Buying a REO or foreclosure in Jacksonville
What's an REO?
REO's or Real Estate Owned are properties that have completed the foreclosure process and are now owned by the bank or mortgage company. This is not the same as real estate up for foreclosure auction. When buying a property during a foreclosure sale, you must pay at least the loan balance plus any interest and other fees amassed during the foreclosure process. You must also be willing to pay with cash in hand. To top everything off, you'll receive the property totally as is. That may consist of standing liens and even current residents that may require expulsion.
A REO, on the contrary, is a much neater and attractive proposition. The REO property didn't find a buyer during foreclosure auction. Now the bank owns it. The lender will handle the elimination of tax liens, evict occupants if needed and generally plan for the issuance of a title insurance policy to the buyer at closing. You should be aware that REOs may be exempt from typical disclosure requirements. For example, in California, banks do not have to give a Transfer Disclosure Statement, a document that ordinarily requires sellers to reveal any defects of which they are informed.
Are REO's a bargain in Jacksonville?
It is frequently presume that any REO must be a good buy and an opportunity for easy money. This isn't necessarily true. You have to be prudent about buying a REO if your intent is profit from the sell. While it's true that the bank is often anxious to sell it soon, they are also strongly motivated to get as much as they can for it. When pondering the value of a REO, you need to look closely at comparable sales in the neighborhood and be sure to take into account the time and cost of any repairs or remodeling needed to prepare the house for resale. There are bargains with potential to make money, and many people do very well flipping foreclosures. But there are also many REO's that are not good buys and may not be money makers.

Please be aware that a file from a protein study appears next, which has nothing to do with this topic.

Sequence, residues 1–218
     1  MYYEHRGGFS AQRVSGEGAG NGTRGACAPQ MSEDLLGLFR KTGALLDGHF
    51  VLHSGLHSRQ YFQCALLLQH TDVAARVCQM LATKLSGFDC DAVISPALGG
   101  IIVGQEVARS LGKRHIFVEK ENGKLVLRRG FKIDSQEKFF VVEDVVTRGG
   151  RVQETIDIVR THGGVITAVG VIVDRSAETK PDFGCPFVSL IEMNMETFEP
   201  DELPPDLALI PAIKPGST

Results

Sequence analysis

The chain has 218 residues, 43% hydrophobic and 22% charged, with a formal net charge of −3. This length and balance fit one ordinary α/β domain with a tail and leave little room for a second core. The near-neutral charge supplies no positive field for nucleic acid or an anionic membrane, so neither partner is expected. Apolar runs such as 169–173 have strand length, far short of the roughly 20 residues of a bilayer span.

All set to make an offer?
Most lenders have a REO department that you'll work with when buying a REO property from them. Typically the REO department will use a listing agent to get their REO properties listed on the local MLS. Before making your offer, you'll want to contact either the listing agent or REO department at the bank and discover as much as you can about what they know about the condition of the property and what their process is for accepting offers. Since banks most commonly sell REO properties "as is", you'll want to be sure and include an inspection contingency in your offer that gives you time to check for unknown damage and withdraw the offer if you find it.
As with making any offer on real estate, providing documentation of your ability to pay may make your offer more attractive, such as a pre-approval letter from a lender. Once you've submitted your offer, you can expect the bank to respond with a counter offer. At this point it will be your decision whether to accept their counter, or offer a counter to the counter offer. Understand, you'll be working with a process that generally involves several people at the bank, and they don't work evenings or weekends. It's quite common for the process of offers and counter offers to take days or even weeks.